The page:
The Cabin in the Woods
When a hottie, a virgin, an egghead, a jock, and a stoner walk into an isolated cottage for a college getaway weekend in The Cabin in the Woods, a wised-up viewer would do well to ask, What is this, a joke? Even when extravagantly terrible things begin happening to the quintet, the question lingers: Is Cabin a serious screamfest, or Scream 5? But the makers of this smoothly clever, faintly self-congratulatory project, aimed at a youth-oriented crowd of Netflix adepts who make frequent use of the IMDb app on their smartphones, choose not to answer. Instead they offer entertainment with the impressive Rubik’s Cube-y structure of something new — a contortion well represented on Cabin movie posters — and the soul of something safe and square. In these Woods, the honest terror of real horror is never a threat. Even when all hell breaks loose, that hell is cushioned by air quotes, with the audience buckled up for benign, heady fun.
It’s a challenge to discuss the movie without resorting to spoilers, but it’s not impossible. Those five ill-fated friends are readily recognizable archetypes from scary pictures both ironic and sincere. And there’s pleasure, for fans inclined to make the leap, in comparing them with the population invented by Cabin co-writers Drew Goddard and Joss Whedon when the two worked on TV’s Buffy the Vampire Slayer. (With Cabin, Goddard makes his feature directorial debut.) There’s also wit to the casting. Two of the young innocents who go exploring when they shouldn’t — Kristen Connolly as the virgin, and a particularly enjoyable Fran Kranz as the stoner — are serious stage actors (Kranz is currently on Broadway in Death of a Salesman). And it’s amusing to see Chris Hemsworth as a very mortal jock after playing the titular immortal in Thor. The cabin too is a specimen of fright-house decorating. The woods rustle with menace.
The revelation that Others are busy monitoring our cast of young people as they shriek in the dark woods — a reality hinted at even in the movie’s trailer — deepens the mystery. So does the appearance of Six Feet Under‘s incomparable Richard Jenkins and The West Wing‘s snappy Bradley Whitford, whose involvement in the tale will eventually explain the movie’s tagline: ”You think you know the story.” These two experienced actors provide the film’s adult-level entertainment. Whitford does some fast walking-and-talking dialogue, in cheeky homage to the multitasking West Wing White House operative he once played. And with his outstanding ability to make a fully formed character out of even the most minimal of building materials, Jenkins comes closest to making all of this matter.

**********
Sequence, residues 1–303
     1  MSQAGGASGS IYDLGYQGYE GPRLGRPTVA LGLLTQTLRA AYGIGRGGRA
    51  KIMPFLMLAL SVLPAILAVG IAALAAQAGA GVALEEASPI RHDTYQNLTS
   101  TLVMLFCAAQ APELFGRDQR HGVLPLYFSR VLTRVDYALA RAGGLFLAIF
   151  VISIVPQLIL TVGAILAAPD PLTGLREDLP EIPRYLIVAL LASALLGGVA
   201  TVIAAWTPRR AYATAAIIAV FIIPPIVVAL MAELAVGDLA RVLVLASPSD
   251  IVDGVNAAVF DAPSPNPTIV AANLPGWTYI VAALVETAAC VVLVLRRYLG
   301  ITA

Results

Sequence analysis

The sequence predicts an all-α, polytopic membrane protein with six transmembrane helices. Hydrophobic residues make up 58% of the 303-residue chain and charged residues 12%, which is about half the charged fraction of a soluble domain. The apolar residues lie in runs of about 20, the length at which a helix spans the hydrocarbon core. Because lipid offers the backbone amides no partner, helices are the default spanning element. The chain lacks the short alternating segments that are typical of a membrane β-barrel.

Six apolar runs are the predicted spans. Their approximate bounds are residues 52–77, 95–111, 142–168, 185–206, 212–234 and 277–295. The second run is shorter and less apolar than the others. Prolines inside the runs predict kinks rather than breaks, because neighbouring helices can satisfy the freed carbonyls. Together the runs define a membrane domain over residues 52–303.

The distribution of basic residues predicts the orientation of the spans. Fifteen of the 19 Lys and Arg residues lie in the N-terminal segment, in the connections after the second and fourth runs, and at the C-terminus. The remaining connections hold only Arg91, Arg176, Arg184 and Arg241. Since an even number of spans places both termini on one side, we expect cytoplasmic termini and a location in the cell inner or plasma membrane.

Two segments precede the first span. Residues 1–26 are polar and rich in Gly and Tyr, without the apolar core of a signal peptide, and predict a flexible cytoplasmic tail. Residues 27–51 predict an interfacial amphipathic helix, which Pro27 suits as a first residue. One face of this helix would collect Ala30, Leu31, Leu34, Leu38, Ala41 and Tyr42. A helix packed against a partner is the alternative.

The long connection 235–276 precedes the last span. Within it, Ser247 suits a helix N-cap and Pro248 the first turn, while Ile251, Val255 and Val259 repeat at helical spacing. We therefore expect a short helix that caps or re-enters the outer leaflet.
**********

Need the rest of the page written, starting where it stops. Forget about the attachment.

He can’t do it on his own, though. As the stakes become greater, storytellers Whedon and Goddard creep right up to the lip of a really interesting chasm of hell. They cha-cha around the abyss. And then they say…Nah, preferring to play with the symbols of scary movies rather than sincerely provoke and explore fear itself. And so, as countless squibs of fake blood explode and chaos reigns, this viewer is left to wonder: What does it take these days to really, seriously horrify the target audience for The Cabin in the Woods? Where are the intrepid genre filmmakers willing to be unironic, challenging viewers comfortable with game-style plot twists and the digitized world of mash-ups and re-tweets in which the amused head is more familiar than the aroused heart? In production notes, Whedon reports with pride that ”[Goddard] is a true horror aficionado. He’s the kind of horror director who’ll spend a day watching different blood splatters to find the right one.” The scary truth is, the right blood splatters don’t mean splat in a movie that feels like a game.
Under the imprimatur of the estimable Whedon — don’t get me wrong, all hail Buffy! — The Cabin in the Woods arrives with buzz, amplified by the echo chamber of its reception at this year’s SXSW Film Festival. But buzz is a thin sound, with none of the power to stir our actual blood. The movie’s biggest surprise may be that the story we think we know from modern scary cinema — that horror is a fun, cosmic game, not much else — here turns out to be pretty much the whole enchilada. B-